on my mind: Ticks in Rocky Mountain National park

Well, it happened! After five years of living tick free, we found several ticks on my daughter during our most recent trip to Rocky Mountain National Park and Estes Park, Colorado. We were playing in some areas that had tall grass, so it’s not very surprising, but I just wanted to take this opportunity to remind everyone who is out enjoying the great outdoors to be checking themselves and their kids. Here is some additional information about ticks found in RMNP.

Make your reservations now: Trail Ridge Road is Open

Trail Ridge Road is a scenic highway that connects Estes Park, Colorado to Grand Lake, Colorado. The road is located within Rocky Mountain National Park, so a park pass and time-entry permit are required to travel on this scenic roadway which will take you above tree-line and into the alpine tundra. Trail Ridge Road opened on June 4, 2020. Here is an article from Estes Park News about the annual ribbon cutting celebration.

New! Visitors to Rocky Mountain National Park can obtain a time-entry permit through Recreation.gov. 

Rocky Mountain Animal Game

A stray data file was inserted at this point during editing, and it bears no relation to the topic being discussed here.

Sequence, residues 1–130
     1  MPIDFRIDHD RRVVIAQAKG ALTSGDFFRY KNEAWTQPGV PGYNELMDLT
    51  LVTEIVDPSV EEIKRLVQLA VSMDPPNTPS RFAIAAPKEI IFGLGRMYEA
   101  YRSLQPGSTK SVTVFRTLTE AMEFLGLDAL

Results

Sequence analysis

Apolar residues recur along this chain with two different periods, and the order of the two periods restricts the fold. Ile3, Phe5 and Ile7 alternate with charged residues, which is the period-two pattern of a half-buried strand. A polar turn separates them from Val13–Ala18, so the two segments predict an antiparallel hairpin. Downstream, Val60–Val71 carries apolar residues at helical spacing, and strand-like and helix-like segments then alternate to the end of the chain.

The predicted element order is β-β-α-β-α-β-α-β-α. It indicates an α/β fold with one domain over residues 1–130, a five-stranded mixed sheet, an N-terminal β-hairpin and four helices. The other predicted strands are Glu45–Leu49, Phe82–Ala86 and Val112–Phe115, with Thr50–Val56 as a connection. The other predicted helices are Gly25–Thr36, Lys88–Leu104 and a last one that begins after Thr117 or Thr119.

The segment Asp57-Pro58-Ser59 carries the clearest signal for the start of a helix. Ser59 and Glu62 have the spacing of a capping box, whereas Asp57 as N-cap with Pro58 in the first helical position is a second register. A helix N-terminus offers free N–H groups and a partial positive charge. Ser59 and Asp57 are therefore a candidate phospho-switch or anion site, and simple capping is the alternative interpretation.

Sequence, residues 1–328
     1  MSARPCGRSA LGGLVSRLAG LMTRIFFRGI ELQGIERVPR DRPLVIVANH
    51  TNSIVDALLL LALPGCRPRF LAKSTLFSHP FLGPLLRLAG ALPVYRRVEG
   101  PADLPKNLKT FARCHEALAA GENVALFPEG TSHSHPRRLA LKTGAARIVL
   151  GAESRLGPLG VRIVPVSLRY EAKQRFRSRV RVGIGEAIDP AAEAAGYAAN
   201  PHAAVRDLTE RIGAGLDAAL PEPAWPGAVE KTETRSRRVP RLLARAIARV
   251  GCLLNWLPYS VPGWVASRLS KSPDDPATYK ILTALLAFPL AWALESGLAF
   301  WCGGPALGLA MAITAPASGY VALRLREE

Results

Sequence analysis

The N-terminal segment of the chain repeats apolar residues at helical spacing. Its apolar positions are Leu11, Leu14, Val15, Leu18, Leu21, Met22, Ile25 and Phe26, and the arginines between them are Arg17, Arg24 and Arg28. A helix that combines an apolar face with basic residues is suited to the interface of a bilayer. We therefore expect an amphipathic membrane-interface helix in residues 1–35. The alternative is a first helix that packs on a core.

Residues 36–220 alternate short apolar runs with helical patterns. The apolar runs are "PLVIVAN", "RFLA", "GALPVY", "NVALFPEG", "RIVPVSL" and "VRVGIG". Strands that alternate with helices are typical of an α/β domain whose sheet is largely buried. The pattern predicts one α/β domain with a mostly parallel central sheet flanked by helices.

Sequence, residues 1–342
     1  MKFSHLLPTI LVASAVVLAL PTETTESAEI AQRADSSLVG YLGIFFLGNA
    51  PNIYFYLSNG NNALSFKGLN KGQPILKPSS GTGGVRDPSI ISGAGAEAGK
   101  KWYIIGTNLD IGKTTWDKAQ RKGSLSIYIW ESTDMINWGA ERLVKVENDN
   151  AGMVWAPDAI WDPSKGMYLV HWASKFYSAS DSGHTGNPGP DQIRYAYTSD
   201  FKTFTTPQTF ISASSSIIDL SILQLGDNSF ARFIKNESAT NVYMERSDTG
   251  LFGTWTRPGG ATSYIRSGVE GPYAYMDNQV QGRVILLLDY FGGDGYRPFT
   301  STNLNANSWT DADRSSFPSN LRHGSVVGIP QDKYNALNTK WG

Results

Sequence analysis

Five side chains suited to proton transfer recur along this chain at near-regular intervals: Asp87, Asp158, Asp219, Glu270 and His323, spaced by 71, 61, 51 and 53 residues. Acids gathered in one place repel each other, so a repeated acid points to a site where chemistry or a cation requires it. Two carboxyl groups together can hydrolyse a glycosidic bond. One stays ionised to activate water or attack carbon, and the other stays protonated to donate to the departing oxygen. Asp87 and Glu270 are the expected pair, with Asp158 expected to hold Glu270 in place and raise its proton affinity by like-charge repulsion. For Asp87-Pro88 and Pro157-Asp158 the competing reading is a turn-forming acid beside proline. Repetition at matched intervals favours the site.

I can’t see a hawk without saying ‘5 points!’ out loud. When I was a kid we took long family road trips from Kansas City, Missouri to Colorado, New Mexico, Arizona and California. We filled the hours in the car by playing games. My favorite was the ‘animal game’ where we would spot animals and get points. Now that I’m a parent, I’ve adopted the game for all the animals we might see during our trips to the Rocky Mountains.

Animal Game Rules:

1. The first person who says the name of the animal they see out loud claims the points.
2. You can’t multiply your points when you see a herd, but for animals with antlers such as deer, elk or moose you can say both ‘male moose’ and ‘female moose’ which doubles your points.
3. You can get points for the same type of animal, but it has to be a newly spotted animal not belonging to the same herd.